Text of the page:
The Scottish Terrier, Scottie, or Aberdeenie, is a small muscular dog with strong bones. Its general appearance is that of a very powerful dog for small size. In addition, his characteristic beard gives a special touch to the face of this dog, with an elegant port.
It is a small dog which comes, as its name suggests, from Scotland, and has a fascinating history behind which we will know below.
In this ‘ Pets Feed ‘ article, we are going to tell you a lot about the Scottish terrier, such as it is a fairly independent dog, and for this reason, it is not recommended that it is not adopted by people. very affectionate or who must be in constant contact with their pets, although that does not mean that we can leave this breed of dog alone for a long period of time.
In the past, all Scottish terriers were divided into only two groups, the short-legged terrier and the long-legged terrier, so that all small breeds crossed. This is a cause of great confusion when researching the origins of the Scottish terrier, and the only thing that is known for certain is that it was used as vermin hunting dog in the Scottish Highlands. Furthermore, he was widely selected to act alone, without the help of farmers, which is why he is now such an independent dog.
By the end of the 19th century, however, a distinction had been made between the different Scottish short-legged terrier dogs and their history is more precisely known. The Scottish terrier was very popular in the Aberdeen area and for a time it was known as the Aberdeen terrier. In 1880, the first breed standard was written and the scottie began to gain popularity on the show tracks.
Between the First and Second World Wars, this breed gained popularity, both as a show dog and as a pet. However, its popularity declined somewhat over the following years. Although not as popular today as it was at its peak, the Scottish Terrier is still a highly regarded pet dog and a major competitor at dog shows.
Physical characteristics of the scottish terrier
The Scottish Terrier is a small but fairly muscular specimen, which gives it a much-appreciated speed.
As for the color of its coat, it can be very varied, ending up with specimens with black, wheat or tabby hairs – in this case, also called brindle, it has harder hairs. There is also the White Scottish Terrier variety, which is widely accepted by pet lovers.
One of its most striking qualities is the muzzle, which is more prominent and elongated compared to the rest of its face.
As for its silhouette, it is a small compact dog with short but robust legs. Her eyes are small and bright, with almond tones.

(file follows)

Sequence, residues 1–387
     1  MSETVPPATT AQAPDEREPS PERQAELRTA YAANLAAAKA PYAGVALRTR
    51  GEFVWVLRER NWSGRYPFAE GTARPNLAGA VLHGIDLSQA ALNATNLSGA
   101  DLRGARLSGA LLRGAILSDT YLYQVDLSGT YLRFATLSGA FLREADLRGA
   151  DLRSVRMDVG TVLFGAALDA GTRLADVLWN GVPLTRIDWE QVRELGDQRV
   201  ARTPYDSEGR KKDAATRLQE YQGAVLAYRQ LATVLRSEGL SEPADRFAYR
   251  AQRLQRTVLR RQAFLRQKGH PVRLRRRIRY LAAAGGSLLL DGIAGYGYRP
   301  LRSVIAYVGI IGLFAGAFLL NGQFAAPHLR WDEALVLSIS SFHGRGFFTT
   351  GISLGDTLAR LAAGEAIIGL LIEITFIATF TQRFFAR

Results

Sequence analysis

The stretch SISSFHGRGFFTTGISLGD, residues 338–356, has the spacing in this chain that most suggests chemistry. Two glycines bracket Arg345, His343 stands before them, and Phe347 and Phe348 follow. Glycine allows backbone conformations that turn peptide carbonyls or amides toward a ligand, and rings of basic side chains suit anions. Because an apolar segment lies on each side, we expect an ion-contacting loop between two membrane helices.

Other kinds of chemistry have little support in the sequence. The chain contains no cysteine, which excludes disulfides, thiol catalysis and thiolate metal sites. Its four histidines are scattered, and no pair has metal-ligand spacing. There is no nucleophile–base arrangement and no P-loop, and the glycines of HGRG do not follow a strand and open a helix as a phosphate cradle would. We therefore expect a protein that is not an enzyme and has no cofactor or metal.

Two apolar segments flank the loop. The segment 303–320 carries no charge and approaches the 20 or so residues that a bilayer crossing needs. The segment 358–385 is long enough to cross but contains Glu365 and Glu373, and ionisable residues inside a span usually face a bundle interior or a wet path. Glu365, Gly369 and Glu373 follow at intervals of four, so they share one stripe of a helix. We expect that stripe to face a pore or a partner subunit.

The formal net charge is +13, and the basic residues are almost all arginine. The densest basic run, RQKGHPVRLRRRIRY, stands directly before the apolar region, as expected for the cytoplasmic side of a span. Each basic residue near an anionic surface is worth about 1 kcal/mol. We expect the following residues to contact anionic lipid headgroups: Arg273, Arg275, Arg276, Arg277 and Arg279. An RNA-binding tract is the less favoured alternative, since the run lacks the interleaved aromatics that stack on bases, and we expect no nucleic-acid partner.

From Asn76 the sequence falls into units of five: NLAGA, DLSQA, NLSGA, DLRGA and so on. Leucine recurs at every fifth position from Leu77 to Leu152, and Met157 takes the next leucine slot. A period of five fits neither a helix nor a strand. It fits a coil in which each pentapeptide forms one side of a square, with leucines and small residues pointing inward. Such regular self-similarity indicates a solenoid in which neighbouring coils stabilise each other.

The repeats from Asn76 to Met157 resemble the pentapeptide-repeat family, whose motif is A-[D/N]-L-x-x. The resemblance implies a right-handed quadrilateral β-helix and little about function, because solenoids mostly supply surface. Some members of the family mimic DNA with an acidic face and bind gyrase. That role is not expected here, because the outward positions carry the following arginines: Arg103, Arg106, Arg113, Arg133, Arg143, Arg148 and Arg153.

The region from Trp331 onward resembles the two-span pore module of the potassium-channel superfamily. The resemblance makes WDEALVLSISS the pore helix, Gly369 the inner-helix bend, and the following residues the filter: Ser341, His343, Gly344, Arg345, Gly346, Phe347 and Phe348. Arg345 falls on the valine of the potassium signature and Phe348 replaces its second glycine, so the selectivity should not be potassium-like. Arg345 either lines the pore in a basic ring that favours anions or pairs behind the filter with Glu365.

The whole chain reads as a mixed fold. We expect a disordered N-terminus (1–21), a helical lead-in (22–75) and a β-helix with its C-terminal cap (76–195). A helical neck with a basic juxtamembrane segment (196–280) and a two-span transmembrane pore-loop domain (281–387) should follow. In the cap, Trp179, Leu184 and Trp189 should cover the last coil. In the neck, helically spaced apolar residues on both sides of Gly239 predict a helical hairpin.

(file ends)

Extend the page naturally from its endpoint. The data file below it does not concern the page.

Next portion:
The ears of the Scottish Terrier should be small, pointed and covered with short, velvety fur.
The height of the cross is approximately 25 cm for any specimen, while the length of the back of the cross to the tail is approximately 28 cm.
Regarding its weight, it should be between 8.5 and 10 kg for males, and between 8 and 9.5 kg for females.
Its height must not exceed 28 cm.
The coat of the Scottish terrier is very special, so meticulous care is necessary to leave it completely clean.
It must be fixed every week, using a stiff brush, a dog’s glove, a wide-tooth comb for handling the beard and scissors for trimming.
To cut its hair, you should keep in mind that it must be done every two months if you want to keep it in perfect condition, because they will have softer hairs; If you want to leave his hair long, you can cut it several times a year. For this process, you can fend for yourself or go to a dog groomer who does this difficult job.
Scottish Terrier character
This dog is courageous, determined and independent, but also very loyal and intelligent. With his family, he tends to be very friendly and playful, although he is independent. With strangers, he tends to be reserved and not easy to make friends, but neither does he tend to be aggressive towards people. With dogs and other animals, however, things are different. The Scottish terrier is generally aggressive towards other dogs of the same sex and tends to hunt and kill small animals. The socialization of this dog must be done from an early age so that it can coexist well with people, dogs and other animals.
Among the most common behavioral problems in this breed are excessive barking and searching in the garden, in addition to aggression towards other animals. These problems, however, can be resolved by giving dogs the opportunity to engage in these behaviors (except aggression) in controlled situations and through solid and consistent training.
The Scottish Terrier has the ideal character to be a great pet of people who do not constantly disturb the dog, but who like the physical activities outside.
Hair care takes longer than other breeds, as the Scottie must be combed at least three to four times a week to avoid tangling. In addition, you have to cut his hair about three times a year and clean his beard every day. Show dogs need more intensive care which should be provided by a professional. Bathing is only recommended when the dog is dirty and should not be very frequent.